New treatment could provide lasting relief from chronic back pain

Animation of a woman holding her back in pain

A new treatment could revolutionise the way we manage chronic back pain, and researchers are now investigating how to train physiotherapists to make it widely available.

A clinical trial of a personalised treatment method to help people to better understand their back pain and take charge of its management found lasting benefits well after treatment was complete.

About one in six Australians report chronic lower back pain. It is the leading cause of disability worldwide, contributing to reduced physical and mental health and a loss of productivity. It is a common driver of early retirement.

While most people who suffer from episodes of lower back pain recover quickly, about 20 to 30 per cent have long-term pain lasting three months or more.

Cognitive functional therapy (CFT) uses intensive personalised sessions with specially trained physiotherapists to help people develop a positive mindset, learn to move in ways that ease their pain, regain confidence and make lifestyle changes.

This results in less pain-related anxiety and patients gaining the knowledge and confidence to do things they have been avoiding.

CFT was developed by Professor Peter O’Sullivan from the Curtin School of Allied Health in Perth and colleagues around the world. A team led by researchers from Curtin University and Sydney’s Macquarie University has published the findings of a study into its benefits in the leading medical journal The Lancet.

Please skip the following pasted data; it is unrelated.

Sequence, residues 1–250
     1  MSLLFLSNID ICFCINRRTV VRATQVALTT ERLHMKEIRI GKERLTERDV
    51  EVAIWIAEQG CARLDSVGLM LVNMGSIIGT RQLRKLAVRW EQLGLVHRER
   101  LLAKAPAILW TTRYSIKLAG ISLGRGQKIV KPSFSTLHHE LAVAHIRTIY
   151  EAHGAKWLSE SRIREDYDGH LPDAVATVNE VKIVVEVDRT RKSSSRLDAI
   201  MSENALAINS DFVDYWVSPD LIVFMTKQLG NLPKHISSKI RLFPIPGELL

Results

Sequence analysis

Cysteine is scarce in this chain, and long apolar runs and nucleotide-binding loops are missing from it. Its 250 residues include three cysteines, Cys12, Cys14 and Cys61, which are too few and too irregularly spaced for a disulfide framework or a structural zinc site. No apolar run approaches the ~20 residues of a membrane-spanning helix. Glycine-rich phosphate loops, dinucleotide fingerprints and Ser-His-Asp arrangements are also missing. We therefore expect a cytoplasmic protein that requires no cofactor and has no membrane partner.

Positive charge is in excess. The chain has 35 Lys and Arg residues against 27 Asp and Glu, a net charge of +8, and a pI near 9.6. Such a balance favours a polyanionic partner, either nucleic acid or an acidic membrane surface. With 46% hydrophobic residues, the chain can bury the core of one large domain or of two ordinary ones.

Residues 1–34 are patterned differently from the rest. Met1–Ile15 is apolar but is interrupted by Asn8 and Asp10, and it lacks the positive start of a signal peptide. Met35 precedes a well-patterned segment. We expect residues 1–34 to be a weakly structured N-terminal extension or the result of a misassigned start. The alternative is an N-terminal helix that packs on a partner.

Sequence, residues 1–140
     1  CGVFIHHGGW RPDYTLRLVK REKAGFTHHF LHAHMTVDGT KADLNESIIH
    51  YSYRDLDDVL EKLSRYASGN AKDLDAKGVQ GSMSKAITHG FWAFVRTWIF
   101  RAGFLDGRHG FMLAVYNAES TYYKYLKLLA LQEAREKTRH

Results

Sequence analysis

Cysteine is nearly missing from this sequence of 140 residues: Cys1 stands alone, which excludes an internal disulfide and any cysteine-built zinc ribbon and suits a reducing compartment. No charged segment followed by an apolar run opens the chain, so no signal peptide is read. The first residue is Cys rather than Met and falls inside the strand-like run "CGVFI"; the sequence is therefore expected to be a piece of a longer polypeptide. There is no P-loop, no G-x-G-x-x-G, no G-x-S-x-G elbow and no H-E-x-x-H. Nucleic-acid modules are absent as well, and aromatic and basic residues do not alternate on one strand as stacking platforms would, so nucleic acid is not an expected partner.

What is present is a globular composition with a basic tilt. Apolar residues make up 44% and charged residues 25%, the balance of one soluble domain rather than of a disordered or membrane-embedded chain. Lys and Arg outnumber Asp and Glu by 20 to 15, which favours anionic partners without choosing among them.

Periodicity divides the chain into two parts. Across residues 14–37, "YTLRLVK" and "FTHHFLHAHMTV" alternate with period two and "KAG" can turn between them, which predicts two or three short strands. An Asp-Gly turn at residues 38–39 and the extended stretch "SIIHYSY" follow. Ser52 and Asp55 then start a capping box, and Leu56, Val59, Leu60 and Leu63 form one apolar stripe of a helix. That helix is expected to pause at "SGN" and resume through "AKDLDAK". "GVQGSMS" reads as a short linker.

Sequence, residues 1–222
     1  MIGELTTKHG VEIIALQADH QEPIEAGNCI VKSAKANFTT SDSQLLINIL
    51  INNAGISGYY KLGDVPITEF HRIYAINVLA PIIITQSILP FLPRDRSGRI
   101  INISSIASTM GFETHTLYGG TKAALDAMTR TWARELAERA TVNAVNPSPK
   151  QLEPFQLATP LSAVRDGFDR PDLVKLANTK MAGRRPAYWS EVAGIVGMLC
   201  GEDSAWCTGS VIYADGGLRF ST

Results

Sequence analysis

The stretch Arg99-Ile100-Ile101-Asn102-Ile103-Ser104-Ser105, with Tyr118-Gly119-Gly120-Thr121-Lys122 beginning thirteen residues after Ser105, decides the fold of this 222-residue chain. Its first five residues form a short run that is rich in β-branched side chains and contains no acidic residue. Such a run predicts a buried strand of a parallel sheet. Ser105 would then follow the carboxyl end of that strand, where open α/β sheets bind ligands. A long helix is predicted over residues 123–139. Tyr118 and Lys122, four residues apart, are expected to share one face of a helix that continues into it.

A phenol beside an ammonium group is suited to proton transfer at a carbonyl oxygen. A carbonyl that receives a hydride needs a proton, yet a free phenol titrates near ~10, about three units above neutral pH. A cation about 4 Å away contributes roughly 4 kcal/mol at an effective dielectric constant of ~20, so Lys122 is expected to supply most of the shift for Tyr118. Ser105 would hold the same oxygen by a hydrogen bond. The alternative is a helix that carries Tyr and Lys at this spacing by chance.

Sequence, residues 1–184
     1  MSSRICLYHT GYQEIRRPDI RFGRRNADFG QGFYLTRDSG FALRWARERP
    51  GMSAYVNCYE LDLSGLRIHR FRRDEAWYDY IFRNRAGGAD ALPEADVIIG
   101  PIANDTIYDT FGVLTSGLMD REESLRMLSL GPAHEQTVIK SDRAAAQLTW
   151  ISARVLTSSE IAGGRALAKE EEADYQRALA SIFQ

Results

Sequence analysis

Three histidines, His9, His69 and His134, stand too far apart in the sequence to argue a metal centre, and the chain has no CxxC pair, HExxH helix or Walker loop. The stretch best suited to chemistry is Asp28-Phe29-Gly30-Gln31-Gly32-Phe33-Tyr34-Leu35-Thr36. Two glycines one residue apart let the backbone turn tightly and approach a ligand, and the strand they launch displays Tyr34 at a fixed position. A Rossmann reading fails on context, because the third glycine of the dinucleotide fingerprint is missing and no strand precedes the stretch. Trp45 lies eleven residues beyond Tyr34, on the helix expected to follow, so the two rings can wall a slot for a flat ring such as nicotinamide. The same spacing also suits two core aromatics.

Traditional approaches to managing chronic back pain include surgical interventions, massage, spinal manipulation, injections and other medications, but these typically produce only limited short-term relief. Importantly, none of these treatments address the range of factors contributing to pain.

One of the key differences with CFT is that the treatment is tailored to the individual, and takes into account their concerns and limitations of movement.

The RESTORE study

Nearly 500 people in Sydney and Perth took part in the study, which involved a randomised, controlled clinical trial across 20 physiotherapy clinics. Participants were divided into groups receiving CFT or whatever type of traditional care was recommended by their clinician.

To take part in the study, participants had to have had lower back pain for at least three months. On average, particpants had been living with back pain for an average of four years, and many had high levels of disability due to their condition.